Diary says Tojo against surrender
Japanese World War II leader Hideki Tojo wanted to keep fighting even after U.S. atomic bombs destroyed Hiroshima and Nagasaki, accusing surrender proponents of being “frightened,” a newly released diary reveals.
Excerpts from the approximately 20 pages written by Tojo in the final days of the war and held by the National Archives of Japan were published for the first time in newspapers.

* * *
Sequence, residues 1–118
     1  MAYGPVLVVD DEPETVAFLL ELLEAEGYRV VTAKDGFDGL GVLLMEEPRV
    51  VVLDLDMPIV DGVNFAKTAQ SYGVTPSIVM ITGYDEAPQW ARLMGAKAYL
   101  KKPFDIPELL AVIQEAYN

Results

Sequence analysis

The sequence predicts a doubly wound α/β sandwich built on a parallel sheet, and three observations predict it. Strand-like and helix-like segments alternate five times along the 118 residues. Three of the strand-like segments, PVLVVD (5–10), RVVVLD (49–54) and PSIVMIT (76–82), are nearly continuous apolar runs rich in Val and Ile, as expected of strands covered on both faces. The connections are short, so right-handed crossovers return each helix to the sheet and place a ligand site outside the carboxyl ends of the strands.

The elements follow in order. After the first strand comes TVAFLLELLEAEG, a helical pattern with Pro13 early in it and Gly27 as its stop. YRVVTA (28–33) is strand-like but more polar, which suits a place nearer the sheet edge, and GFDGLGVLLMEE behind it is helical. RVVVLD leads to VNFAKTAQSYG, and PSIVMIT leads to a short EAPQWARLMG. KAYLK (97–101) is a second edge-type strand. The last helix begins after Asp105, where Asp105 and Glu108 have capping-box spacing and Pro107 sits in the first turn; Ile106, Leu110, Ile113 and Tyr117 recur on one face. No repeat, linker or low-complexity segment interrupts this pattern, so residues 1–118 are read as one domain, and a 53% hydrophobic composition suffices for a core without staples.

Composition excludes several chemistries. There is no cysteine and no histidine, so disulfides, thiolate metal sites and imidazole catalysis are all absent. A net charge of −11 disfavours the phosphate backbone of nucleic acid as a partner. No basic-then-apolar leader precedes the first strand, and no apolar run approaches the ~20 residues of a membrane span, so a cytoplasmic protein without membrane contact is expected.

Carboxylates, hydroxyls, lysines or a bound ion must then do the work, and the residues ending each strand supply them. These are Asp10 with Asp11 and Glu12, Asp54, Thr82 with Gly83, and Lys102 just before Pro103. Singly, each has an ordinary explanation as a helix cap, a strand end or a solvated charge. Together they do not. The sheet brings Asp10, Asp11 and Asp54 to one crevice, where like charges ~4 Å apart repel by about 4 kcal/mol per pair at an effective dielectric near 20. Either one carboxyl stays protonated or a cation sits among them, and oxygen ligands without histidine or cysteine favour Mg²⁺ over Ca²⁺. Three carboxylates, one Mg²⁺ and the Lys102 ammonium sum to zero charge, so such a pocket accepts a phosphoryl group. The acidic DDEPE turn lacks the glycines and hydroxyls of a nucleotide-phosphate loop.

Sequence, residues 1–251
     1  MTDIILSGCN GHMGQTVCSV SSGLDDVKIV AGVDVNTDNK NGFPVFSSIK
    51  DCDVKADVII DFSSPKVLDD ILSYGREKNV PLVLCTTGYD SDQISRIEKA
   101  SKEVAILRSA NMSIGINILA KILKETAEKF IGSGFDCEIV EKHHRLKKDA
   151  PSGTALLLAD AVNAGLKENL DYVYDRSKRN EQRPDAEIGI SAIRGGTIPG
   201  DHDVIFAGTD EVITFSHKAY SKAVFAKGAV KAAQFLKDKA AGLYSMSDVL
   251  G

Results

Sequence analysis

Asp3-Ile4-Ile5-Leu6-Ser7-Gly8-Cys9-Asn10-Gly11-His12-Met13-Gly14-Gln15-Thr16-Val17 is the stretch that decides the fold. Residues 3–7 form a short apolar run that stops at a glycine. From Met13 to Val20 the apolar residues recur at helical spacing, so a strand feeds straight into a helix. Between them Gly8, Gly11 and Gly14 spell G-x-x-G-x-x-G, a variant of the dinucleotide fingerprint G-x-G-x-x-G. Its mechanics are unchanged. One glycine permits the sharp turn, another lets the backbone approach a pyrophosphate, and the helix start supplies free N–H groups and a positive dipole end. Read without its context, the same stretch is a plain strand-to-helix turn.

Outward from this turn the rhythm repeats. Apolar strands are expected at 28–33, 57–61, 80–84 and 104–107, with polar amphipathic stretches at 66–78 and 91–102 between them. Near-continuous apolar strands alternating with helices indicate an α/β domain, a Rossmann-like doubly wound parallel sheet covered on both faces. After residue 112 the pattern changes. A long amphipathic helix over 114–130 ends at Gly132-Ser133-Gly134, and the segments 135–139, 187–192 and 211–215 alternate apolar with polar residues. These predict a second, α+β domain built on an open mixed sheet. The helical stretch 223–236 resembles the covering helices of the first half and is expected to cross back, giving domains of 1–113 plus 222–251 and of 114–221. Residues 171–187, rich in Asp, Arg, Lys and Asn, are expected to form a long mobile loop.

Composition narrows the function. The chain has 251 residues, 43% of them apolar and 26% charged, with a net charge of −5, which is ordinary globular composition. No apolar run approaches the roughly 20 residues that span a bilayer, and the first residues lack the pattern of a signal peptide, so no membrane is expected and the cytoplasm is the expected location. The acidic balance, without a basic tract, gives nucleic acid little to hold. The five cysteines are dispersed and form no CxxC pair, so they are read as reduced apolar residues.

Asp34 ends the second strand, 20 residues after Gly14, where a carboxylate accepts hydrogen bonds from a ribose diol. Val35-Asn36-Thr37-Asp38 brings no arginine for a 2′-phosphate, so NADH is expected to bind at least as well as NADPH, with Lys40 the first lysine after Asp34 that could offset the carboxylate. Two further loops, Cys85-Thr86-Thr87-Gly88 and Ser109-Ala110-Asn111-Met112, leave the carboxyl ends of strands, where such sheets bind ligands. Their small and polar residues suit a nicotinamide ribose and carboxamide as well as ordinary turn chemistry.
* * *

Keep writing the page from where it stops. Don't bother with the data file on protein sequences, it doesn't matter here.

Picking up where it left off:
Tojo, executed in 1948 after being convicted of war crimes, by the Allies, was prime minister during much of the war. The notes buttress other evidence that Tojo was fiercely opposed to surrender, despite the hopelessness of Japan’s war effort.